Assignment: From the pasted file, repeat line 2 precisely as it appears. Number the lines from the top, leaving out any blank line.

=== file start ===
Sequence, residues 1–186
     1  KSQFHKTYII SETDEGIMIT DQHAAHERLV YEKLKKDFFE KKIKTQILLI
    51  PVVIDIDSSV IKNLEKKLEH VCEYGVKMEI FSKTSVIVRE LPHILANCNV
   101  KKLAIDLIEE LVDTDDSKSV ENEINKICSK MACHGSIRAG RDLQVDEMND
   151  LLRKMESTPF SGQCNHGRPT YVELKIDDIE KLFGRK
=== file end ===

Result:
     1  KSQFHKTYII SETDEGIMIT DQHAAHERLV YEKLKKDFFE KKIKTQILLI